What is diabetes?
Diabetes mellitus, also known as just diabetes, is a metabolic condition that raises blood sugar levels. Insulin is a hormone that transports sugar from the blood into your cells where it can be stored or utilised as fuel. When you have diabetes, your body can’t use the insulin it does make or doesn’t produce enough of it.
Diabetes-related high blood sugar left untreated can harm your kidneys, nerves, eyes, and other organs. However, you can safeguard your health by learning about diabetes and taking measures to prevent or control it.
Types of diabetes
There are several varieties of diabetes:
- Type 1: Diabetes type 1 is an autoimmune condition. The immune system targets and kills insulin-producing cells in the pancreas. Uncertainty surrounds the attack’s origin.
- Type 2: When your body gets resistant to insulin, type 2 diabetes develops and blood sugar levels rise. About 90% to 95%Trusted Source of people with diabetes have type 2, making it the most prevalent kind.
- Type 1.5: Latent autoimmune diabetes in adulthood is another name for type 1.5 diabetes (LADA). Like type 2 diabetes, it develops gradually during maturity. LADA is an autoimmune condition that cannot be controlled by a healthy diet or way of living.
- Diabetes gestational: Diabetes gestational is excessive blood sugar when pregnant. This form of diabetes is brought on by substances the placenta secretes that block insulin.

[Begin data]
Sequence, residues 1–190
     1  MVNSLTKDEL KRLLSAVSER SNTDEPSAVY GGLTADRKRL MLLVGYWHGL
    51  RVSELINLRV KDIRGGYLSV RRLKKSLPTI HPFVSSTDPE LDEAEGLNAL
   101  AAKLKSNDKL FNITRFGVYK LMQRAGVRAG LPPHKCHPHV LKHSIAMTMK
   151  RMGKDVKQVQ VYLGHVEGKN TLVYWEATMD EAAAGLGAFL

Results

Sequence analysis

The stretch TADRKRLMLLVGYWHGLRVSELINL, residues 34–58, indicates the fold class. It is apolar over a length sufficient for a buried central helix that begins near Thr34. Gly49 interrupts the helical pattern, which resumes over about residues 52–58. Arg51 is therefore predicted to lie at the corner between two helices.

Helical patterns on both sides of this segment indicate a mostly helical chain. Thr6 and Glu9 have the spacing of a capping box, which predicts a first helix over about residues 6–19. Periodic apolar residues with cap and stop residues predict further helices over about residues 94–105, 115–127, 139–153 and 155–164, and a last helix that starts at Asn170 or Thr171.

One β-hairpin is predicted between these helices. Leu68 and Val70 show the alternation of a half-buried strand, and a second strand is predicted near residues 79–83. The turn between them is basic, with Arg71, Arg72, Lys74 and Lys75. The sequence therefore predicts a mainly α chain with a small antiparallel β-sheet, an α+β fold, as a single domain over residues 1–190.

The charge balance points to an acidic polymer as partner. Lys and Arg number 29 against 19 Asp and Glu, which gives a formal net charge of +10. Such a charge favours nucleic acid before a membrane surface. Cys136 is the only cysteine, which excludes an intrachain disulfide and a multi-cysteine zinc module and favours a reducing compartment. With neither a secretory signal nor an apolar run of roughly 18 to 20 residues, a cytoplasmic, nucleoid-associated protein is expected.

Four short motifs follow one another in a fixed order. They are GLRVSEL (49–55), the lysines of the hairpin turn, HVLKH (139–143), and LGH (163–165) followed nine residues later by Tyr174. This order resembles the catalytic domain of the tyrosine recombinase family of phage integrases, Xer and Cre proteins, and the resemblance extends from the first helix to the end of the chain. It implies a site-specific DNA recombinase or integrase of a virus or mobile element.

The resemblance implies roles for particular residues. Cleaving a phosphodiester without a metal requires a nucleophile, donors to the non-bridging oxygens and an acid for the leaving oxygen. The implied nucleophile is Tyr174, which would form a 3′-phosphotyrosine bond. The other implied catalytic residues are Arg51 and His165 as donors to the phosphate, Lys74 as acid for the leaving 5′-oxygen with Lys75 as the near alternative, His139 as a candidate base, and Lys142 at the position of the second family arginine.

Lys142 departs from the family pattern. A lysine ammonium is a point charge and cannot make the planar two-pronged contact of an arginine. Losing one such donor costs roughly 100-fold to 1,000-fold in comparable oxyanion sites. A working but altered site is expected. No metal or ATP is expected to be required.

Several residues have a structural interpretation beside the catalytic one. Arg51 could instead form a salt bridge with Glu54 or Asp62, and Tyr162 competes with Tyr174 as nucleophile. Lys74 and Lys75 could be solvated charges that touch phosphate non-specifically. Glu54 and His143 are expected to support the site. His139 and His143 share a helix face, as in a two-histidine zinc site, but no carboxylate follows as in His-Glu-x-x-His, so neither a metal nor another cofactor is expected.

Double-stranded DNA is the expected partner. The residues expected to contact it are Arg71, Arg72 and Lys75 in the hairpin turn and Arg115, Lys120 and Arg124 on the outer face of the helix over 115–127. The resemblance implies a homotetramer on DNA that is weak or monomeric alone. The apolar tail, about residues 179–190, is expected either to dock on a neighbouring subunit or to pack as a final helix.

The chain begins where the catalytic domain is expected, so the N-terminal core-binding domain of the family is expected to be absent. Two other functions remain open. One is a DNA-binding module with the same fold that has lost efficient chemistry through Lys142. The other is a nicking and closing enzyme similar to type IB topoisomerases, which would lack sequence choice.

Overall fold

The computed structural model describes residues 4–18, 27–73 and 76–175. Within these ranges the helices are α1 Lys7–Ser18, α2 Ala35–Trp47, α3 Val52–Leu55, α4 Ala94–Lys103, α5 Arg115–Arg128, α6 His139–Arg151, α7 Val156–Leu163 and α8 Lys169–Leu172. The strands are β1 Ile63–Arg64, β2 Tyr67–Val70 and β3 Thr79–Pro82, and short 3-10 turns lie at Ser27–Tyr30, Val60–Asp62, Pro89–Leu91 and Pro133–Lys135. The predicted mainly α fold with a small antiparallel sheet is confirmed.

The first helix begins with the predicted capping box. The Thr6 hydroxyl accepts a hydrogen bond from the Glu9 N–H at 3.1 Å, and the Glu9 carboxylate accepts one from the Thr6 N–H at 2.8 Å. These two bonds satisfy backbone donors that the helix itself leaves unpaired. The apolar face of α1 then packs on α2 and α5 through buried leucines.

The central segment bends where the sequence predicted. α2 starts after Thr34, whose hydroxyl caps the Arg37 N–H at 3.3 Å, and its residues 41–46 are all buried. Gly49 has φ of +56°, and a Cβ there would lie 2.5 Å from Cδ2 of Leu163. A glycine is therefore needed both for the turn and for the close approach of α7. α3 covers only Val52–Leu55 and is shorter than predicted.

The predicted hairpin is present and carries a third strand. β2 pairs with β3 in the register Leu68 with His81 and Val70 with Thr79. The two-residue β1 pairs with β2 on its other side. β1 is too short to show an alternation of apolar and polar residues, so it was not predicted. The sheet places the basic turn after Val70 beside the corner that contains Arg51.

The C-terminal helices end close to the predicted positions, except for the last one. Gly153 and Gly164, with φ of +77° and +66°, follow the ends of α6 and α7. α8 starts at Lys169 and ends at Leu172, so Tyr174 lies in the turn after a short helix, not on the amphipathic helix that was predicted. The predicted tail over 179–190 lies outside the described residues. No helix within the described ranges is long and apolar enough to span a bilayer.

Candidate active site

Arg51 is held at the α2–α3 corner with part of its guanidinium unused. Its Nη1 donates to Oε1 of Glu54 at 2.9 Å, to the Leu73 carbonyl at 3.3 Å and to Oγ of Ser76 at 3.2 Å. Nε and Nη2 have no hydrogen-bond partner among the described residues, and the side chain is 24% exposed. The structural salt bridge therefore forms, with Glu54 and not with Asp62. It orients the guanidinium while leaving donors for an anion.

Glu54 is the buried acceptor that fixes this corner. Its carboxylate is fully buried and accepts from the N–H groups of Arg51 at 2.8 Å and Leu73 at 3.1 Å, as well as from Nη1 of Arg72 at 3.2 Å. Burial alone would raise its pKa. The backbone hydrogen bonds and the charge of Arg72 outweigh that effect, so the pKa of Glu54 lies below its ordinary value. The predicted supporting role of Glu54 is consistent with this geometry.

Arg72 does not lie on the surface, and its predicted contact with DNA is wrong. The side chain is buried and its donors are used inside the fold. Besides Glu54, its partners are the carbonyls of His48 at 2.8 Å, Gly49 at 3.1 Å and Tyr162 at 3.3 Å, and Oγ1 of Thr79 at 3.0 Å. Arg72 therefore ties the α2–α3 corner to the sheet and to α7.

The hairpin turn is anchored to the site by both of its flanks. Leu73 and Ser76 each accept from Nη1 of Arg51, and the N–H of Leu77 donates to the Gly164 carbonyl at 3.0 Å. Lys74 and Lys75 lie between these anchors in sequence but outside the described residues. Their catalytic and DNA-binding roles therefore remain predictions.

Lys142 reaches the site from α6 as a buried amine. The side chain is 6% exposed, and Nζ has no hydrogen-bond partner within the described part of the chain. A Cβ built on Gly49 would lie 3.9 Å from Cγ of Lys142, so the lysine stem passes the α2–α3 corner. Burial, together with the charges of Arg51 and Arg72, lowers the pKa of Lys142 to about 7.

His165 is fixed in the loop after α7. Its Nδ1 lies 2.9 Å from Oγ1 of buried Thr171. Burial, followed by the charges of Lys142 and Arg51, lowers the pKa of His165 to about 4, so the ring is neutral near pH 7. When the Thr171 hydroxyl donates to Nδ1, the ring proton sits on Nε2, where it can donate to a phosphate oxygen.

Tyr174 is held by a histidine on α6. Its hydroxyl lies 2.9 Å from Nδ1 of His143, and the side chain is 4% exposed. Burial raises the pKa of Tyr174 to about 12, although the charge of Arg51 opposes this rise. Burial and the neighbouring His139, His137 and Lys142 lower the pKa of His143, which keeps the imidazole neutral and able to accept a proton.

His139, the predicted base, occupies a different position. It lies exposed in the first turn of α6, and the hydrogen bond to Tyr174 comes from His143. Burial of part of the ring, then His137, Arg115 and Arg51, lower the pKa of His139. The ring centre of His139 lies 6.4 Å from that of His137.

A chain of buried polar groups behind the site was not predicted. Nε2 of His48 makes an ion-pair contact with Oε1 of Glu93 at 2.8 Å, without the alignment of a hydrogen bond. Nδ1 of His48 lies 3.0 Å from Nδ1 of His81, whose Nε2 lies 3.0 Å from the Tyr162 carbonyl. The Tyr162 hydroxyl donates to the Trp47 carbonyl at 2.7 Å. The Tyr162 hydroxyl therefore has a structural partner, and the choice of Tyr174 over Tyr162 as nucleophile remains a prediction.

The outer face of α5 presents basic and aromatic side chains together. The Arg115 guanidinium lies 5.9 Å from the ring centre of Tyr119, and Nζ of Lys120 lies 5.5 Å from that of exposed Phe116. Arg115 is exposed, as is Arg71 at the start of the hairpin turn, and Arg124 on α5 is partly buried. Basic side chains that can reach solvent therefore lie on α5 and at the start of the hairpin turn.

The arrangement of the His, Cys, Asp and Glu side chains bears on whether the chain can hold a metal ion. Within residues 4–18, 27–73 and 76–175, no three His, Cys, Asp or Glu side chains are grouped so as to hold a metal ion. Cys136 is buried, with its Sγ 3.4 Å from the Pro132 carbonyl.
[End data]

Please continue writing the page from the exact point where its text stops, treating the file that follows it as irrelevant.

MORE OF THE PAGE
Despite having a similar name to diabetes mellitus, the uncommon illness known as diabetes insipidus is unrelated. Your kidneys are removed from your body too much fluid in a separate ailment. Each kind of diabetes has specific symptoms, underlying conditions, and therapies.
When your blood sugar is higher than normal but not high enough to be diagnosed with type 2 diabetes, the condition is known as prediabetes. It happens when your body’s cells don’t react to insulin as it should. Later on, type 2 diabetes may result from this.
According to experts, more than one in three Americans have prediabetes, but more than 80% of those individuals are completely unaware of their condition.
Symptoms of diabetes
The onset of diabetes is accompanied by blood sugar increases.
The symptoms of kinds 1, 2, and 1.5 (LADA) are identical, however they manifest more quickly than those of types 2 and 1.5. Type 2 usually has a slower onset. This diabetes is more likely to cause tingling nerves and slow-healing wounds.
Type 1 in particular, if untreated, can result in diabetic ketoacidosis. At this point, the body’s level of ketones is harmful. Although less typical in other forms of diabetes, it is nevertheless conceivable.
Diabetes’s typical signs and symptoms include:
- increased appetite
- heightened thirst
- slim down
- excessive urination
- hazy vision
- extreme exhaustion
- not-healing wounds
Men with diabetes may have the following in addition to the typical symptoms:
- a reduced lust for life
- an erection problem
- weak physical capacity
Diabetes symptoms in women might include:
- vulvar dryness
- infected urinary tract
- infected with yeast